“At the same time as the imposition of the TDSR, the MAS also prevented people from using their less financially capable family members to purchase the property (to avoid the ABSD), and to support such purchases by either becoming the guarantor or the borrower. This also closed another gap in the earlier measures and worked with the TDSR to quell demand further.”

A property-industry veteran, who has been in the public and private spheres and in academia, but who declined to be named because he has since retired, says: “Prior to TDSR, various stakeholders had gotten more sophisticated in banding together to find ways to allow mortgagors to obtain more gearing from the banks. It artificially increased the demand . . . Now, with the guidelines, it gives banks not much avenue to come up with creative funding and financing instruments.”

He adds that another reason the 1996 measures were rolled back more quickly was that they were designed to meet a different objective from the current crop of measures.

“The 1996 measures tackled only property churn in the market. It taxed those who sold their properties within three years of purchase, which is really meant to prevent speculation. That’s why the first set of measures were called ‘anti-speculation measures’. They were aimed at weeding out people who were churning properties.

“This round, it is not just tackling speculation; it is also a fundamental reset. It’s a paradigm shift to align long-term property prices back to affordability, based on prudency rules set by the MAS.”

The impact that TDSR had on the market was immediate, and pronounced. Developers’ new home sales fell by a third, from 22,000 units in 2012 to 15,000 units a year later.

Private home prices changed direction, falling 0.9 per cent in the fourth quarter of 2013 from the previous quarter. But most critically, transaction volumes halved from about 14,800 units in the first half of 2013 to 7,900 units in the second half.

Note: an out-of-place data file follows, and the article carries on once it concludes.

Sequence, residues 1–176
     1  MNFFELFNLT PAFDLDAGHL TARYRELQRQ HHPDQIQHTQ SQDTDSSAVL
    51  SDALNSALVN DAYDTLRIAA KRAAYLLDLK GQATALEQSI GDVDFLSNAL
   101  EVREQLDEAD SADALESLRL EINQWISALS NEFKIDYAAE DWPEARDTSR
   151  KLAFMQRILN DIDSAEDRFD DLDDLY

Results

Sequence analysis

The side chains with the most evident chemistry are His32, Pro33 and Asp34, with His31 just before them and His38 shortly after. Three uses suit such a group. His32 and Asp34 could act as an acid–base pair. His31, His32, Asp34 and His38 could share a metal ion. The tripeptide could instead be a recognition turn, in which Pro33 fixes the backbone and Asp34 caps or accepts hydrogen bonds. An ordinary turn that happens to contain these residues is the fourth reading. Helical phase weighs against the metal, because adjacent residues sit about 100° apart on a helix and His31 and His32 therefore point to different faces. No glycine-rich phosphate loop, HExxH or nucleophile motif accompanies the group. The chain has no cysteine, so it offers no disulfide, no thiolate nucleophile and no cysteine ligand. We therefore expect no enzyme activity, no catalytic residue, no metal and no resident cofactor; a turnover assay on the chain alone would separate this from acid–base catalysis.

An analyst said that the fact that volumes came down after TDSR was implemented showed that many households were already substantially leveraged. If you were already 30-40 per cent leveraged, it leaves you very little headroom to go and buy another property.

The other big difference between 1996-1998 and 2009-2016 lies in the prevailing interest rates, says Mr Lee. “Interest rates went up to beyond 8 per cent in 1998 after the Asian Financial Crisis, and that crashed the market and made the government relax the measures.”

Today’s rates are still at historical lows. The decline in private home prices has been very gradual, compared to 1996-8, easing just 9.1 per cent over the past 10 quarters.

Given that the combination of TDSR and the ABSD on foreigners has proven to be the most potent in correcting the property market, could it be that they are the only measures needed to keep asset prices in check?

The consensus is that the TDSR framework is a good move to encourage financial prudence among borrowers and banks. Perhaps it is useless to fight it, since the MAS has made it clear that it will be a permanent fixture.

But there is less agreement on the need for the ABSD. The government believes that the market will rebound if it is removed, but many in the market would like to see it gone. They find it redundant for Singaporeans who are already curbed by TDSR. As for foreigners, some think it should stay to manage foreign hot money; others find it too punitive and say a different control can perhaps be implemented.

Adapted from: The Business Times, 22 June 2016